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Members of the California National Guard 115th Regional Support Group standing practice social distancing as they help pack boxes of food at the Second Harvest Food Bank of Silicon Valley in San Jose, California. -AFP pic
Members of the California National Guard 115th Regional Support Group standing practice social distancing as they help pack boxes of food at the Second Harvest Food Bank of Silicon Valley in San Jose, California. -AFP pic

DURING a pandemic, members of the society need to show solidarity by being responsible for the safety of all. There is no room for selfishness. It only take one stubborn virus carrier going rogue to infect thousands of people.

If without control measures for mitigation, such as the forced social distancing through the recent Movement Control Order (MCO), the number of critical patients will soon cripple the whole healthcare system in the country. This disastrous consequence will be unimaginable.

Covid-19 is unlike a common flu. There is still no effective treatment or vaccine to date. When the condition gets critical, the pain will be unbearable that every breath will be a struggle and excruciating. When it gets fatal, it is like drowning slowly from within as the lungs are destroyed by the virus.

Even for those recovered, there will be permanent scars that reduce lung functions. We have seen some of these tragic scenarios unfolding in China and Italy when the patients without access to medical facility were screaming in pain and left to fend for themselves.

This has resulted in a spike of fatality, especially for those with pre-existing complications. Some might be wondering why the need for social distancing, which makes most businesses close down, threatening the livelihood of may who are already financially struggling.

If the citizens do not abide the MCO, not just livelihoods are affected many lives will be lost when the infection goes out of control. During the Spanish flu pandemic in 1918, nearly 40,000 deaths were recorded in Malaya, which accounts for one per cent of the population at that time.

Can you imagine Covid-19 taking away the life of over 300,000 Malaysians? How devasting that would be to our country? It is evidential that social distancing helps to “flatten the curve” so that our healthcare system can manage the number of patients.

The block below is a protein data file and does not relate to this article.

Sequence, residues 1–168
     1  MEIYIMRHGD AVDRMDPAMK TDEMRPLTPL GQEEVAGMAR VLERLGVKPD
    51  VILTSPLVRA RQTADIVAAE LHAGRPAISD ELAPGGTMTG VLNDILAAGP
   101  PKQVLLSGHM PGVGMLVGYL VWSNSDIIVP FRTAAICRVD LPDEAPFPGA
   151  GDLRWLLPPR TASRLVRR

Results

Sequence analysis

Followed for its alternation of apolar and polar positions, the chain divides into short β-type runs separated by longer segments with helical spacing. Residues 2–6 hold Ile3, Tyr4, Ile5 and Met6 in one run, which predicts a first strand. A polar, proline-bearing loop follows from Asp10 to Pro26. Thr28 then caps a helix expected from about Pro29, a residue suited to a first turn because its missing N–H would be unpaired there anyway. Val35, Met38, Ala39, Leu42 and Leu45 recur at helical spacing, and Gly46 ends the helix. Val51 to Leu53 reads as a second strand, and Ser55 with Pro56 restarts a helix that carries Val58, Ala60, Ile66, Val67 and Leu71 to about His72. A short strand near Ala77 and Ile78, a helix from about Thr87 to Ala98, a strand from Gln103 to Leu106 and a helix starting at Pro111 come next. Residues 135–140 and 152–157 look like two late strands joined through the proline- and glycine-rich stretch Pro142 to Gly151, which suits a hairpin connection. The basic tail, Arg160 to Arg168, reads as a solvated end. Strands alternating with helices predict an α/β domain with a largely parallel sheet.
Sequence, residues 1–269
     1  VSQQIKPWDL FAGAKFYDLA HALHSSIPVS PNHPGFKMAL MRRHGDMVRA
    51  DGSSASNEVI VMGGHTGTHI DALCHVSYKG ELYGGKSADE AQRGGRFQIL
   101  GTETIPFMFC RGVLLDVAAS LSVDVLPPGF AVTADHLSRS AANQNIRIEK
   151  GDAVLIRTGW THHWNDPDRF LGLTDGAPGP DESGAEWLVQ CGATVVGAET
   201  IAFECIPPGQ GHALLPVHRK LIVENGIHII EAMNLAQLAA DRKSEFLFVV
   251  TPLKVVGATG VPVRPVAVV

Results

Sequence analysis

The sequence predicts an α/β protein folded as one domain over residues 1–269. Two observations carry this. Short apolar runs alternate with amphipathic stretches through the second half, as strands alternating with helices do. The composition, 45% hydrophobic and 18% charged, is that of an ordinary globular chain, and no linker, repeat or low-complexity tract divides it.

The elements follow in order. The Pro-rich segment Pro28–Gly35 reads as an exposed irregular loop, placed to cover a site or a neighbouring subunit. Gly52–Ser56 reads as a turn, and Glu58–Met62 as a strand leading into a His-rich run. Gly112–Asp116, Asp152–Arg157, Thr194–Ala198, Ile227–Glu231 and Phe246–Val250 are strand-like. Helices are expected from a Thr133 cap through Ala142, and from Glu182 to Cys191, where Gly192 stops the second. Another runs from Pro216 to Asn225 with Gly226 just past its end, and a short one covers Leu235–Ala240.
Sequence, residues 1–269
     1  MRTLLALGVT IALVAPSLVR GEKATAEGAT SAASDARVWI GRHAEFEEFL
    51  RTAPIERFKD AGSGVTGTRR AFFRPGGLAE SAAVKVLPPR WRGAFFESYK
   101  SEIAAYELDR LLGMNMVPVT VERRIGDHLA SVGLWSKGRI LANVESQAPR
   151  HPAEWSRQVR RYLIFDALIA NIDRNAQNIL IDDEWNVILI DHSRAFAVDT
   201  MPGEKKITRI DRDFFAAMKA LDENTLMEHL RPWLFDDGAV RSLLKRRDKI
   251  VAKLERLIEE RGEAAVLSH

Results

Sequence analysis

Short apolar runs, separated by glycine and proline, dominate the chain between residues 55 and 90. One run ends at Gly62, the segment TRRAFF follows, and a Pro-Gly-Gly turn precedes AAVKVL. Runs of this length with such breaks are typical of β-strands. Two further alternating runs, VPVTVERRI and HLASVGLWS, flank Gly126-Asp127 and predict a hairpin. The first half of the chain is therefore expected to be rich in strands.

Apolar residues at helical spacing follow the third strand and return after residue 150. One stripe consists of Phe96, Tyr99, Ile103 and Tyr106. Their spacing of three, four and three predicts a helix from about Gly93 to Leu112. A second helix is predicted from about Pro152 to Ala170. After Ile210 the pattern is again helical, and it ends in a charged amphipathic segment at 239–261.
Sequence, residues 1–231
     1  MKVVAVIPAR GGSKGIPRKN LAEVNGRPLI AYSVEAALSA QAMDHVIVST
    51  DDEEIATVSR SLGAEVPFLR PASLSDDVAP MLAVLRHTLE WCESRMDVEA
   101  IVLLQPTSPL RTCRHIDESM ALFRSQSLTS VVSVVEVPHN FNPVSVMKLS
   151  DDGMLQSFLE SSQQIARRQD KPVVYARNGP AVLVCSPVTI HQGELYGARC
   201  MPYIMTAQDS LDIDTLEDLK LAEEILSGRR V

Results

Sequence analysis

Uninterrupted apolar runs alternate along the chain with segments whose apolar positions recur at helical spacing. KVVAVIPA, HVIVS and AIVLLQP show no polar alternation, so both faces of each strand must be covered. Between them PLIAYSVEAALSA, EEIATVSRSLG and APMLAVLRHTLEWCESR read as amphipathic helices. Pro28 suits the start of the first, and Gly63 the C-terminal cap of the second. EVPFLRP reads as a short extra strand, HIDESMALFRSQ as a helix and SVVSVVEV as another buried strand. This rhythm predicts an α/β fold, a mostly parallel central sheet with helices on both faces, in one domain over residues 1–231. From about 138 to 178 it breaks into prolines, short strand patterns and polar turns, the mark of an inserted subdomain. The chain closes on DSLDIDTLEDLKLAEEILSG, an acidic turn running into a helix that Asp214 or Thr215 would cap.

Hence, please look at the bigger picture and stay at home to keep yourself and your family safe. Consider the heroic front liners dealing with the relentless situation. Losing temporary income or freedom to go out is a small price for preserving life.

The most important reason for social distancing is because we cannot be sure who is infected. The latest study based on Wuhan statistics, an estimate of 59 per cent infected individuals were out and about, unknowingly infecting others.

From the 565 Japanese evacuees from Wuhan, four out of thirteen (31 per cent) evacuees were tested positive but never showed any symptoms. Based on the 3,711 persons on board the Diamond Princess who were all tested, 18 per cent of around 700 positive cases never developed symptoms.

Taken together, it is possible that 50 per cent of all Covid-19 cases remain undetected due to no or mild symptoms. These undetected cases of viral carriers pose great threats for new outbreaks at gatherings. Therefore, we all need to stay at home and adapt to working from home.

For many, it will be uneasy or even get more stressed the longer the time staying home. The only connection to the outside world is now through the social media. Be informed with the latest development of the Covid-19 situation is good but looking at the increasing number of patients everyday can be depressing.

Remember that it takes time for the MCO to make an impact on the statistics due to the lag in the 2-week incubation time before the symptoms appear for those less immune. No one is invincible to Covid-19 even if a very healthy person. You never know if you are infected unless you get tested.

Even if tested positive, it is still uncertain whether you will develop symptoms or when your body condition will drastically deteriorate until lung failure. Thus better be safe than sorry.

If you are struggling with coping alone, please talk to your close ones or seek help. Instead of messaging, occasionally having a call by hearing familiar voices or seeing familiar faces through video call can be therapeutic for some.

Remember that you are not alone in the current situation.

There will be others feeling the same. Joining a forum might be helpful for some to share their feelings and empathise with each other. As the situation remains uncertain on whether there will be a third wave of drastic increase, we have to prepare our mindset for the long haul.

Be critical of fake news. There is a saying “once you take out a few letters from pandemic, you get panic”. Let us all be rational, stay home, stay calm, and stay safe. Please don’t become a “covidiot” – someone who stubbornly ignores social distancing!

The writer is an Associate Professor and a leader of Plant Functional Genomics Research Group at Institute of Systems Biology, Universiti Kebangsaan Malaysia.

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